The AP reported on Sunday that the State Department had its unclassified system compromised. The news follows the breach of three other government entities' systems.
The AP reported on Sunday that the State Department had its unclassified system compromised. The news follows the breach of three other government entities' systems.

First it was the White House. Then the United States Postal Service (USPS). Two days later it was the National Oceanic and Atmospheric Association (NOAA). And now, the State Department.

The Associated Press reported on Sunday that the State Department detected “activity of concern” lurking in its systems since October, around the same time as the White House computer network breach.The two incidents appear to be tied, Jeff Rathke, State Department spokesman, told the AP in a Monday report. This recent attack is said to have not affected any State Department classified systems.

However, Rathke did say the attack impacted unclassified email systems. Although officials said they initially took the department's email system down for regularly scheduled patching, the State Department ended up needing to make more significant and comprehensive updates than those scheduled because of the attack. The email system was still down on Monday.

Multiple researchers have seen these attacks as evidence of foreign governments attempting to poke around U.S. networks to see what information is readily available.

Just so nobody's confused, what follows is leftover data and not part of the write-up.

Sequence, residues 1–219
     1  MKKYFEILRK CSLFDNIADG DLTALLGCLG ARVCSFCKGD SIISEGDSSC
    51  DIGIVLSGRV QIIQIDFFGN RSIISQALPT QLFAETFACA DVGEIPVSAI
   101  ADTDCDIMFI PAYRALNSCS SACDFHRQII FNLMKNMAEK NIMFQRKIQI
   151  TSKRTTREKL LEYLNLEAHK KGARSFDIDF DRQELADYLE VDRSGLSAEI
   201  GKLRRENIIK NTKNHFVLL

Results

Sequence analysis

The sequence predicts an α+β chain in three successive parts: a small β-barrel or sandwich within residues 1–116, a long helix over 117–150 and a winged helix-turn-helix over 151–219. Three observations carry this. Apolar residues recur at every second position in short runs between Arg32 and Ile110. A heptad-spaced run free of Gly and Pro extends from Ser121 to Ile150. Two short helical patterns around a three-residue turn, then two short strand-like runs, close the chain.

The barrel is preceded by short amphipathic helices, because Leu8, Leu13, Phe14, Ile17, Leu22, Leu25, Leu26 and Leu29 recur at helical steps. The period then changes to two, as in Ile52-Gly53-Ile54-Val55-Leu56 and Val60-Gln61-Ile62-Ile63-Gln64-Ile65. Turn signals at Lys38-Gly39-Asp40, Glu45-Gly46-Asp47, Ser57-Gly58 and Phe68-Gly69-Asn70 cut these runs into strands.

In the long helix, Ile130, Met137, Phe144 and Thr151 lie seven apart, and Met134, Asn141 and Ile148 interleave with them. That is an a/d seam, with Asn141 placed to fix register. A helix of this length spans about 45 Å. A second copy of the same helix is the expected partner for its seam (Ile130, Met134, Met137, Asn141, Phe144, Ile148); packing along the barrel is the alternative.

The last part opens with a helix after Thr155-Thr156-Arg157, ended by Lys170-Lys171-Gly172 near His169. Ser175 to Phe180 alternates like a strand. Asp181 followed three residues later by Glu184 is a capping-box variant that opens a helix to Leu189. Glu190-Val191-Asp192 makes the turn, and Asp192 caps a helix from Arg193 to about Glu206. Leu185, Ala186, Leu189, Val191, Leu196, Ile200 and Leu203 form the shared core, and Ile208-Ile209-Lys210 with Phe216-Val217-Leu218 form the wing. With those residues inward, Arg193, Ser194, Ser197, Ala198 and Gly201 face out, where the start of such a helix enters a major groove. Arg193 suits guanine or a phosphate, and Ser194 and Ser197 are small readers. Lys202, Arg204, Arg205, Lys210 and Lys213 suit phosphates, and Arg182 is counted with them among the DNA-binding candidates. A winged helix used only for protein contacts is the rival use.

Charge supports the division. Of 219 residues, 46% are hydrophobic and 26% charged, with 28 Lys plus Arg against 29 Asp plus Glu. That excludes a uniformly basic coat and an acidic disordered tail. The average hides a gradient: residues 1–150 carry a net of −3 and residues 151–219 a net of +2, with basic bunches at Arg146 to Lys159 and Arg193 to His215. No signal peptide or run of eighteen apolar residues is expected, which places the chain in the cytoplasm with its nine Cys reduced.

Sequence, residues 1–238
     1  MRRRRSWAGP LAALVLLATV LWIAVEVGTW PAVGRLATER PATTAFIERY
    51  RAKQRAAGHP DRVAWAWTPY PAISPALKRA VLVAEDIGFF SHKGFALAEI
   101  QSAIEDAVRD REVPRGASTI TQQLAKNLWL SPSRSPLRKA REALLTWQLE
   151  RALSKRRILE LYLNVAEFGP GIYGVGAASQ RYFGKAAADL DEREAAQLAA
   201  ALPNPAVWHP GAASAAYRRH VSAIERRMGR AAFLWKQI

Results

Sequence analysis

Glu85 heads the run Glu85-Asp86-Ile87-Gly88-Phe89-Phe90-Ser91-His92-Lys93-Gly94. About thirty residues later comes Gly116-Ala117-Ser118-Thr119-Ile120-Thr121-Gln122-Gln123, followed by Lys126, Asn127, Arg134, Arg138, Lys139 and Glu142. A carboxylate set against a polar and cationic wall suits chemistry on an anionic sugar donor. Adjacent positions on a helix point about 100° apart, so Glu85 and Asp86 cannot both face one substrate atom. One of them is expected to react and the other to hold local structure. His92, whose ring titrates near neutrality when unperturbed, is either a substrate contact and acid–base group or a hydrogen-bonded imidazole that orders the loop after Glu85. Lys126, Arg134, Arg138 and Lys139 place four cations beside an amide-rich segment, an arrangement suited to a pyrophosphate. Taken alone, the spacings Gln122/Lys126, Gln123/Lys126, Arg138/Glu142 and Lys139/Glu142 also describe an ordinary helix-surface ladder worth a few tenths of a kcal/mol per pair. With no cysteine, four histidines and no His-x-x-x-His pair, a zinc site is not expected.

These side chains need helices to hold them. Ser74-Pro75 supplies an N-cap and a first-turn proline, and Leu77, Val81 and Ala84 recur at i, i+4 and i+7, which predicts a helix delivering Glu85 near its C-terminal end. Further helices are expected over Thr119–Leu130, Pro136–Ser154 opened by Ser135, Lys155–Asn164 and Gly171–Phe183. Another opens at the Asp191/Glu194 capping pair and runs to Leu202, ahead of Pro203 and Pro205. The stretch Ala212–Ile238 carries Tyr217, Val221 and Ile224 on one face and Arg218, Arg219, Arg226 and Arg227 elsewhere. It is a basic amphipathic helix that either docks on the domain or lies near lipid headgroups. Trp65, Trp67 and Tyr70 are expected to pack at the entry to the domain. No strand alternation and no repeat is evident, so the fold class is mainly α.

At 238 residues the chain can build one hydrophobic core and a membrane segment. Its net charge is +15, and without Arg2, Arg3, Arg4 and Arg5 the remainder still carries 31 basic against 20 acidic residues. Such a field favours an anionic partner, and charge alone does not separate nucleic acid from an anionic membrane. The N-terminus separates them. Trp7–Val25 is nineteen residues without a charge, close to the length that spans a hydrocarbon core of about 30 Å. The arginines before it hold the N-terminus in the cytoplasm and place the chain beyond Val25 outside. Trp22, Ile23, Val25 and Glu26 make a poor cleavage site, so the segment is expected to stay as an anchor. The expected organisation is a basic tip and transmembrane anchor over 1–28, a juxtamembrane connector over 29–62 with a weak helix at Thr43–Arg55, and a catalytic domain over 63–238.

“It seems likely that they are trying to see if they can penetrate government systems to gain access to classified networks,” Eric Cowperthwaite, vice president, Advanced Security & Strategy, Core Security, said in an email correspondence with SCMagazine.com. “(They could also be) conducting general surveillance and gaining intelligence on the security capability of our systems.”

Chinese government hackers were suspected in the USPS incident, as well as in the NOAA website hacks, according to reports. The breach at the White House was attributed to Russian hackers. However, no ties have been linked to attackers in this incident.

In an email correspondence with SCMagazine.com, Tom Cross, security research director, Lancope, explained that the response to these attacks carries as much weight as the attack itself.

“These agencies know what they are doing; they know the threats that are out there and what it takes to defend against them and in spite of how well prepared they are, the attackers are still getting in,” he said. “The bottom line is that an organization's ability to investigate and respond when breaches like this occur is just as important as that organization's ability to prevent attacks from occurring, because on the internet today, incidents like this are inevitable.”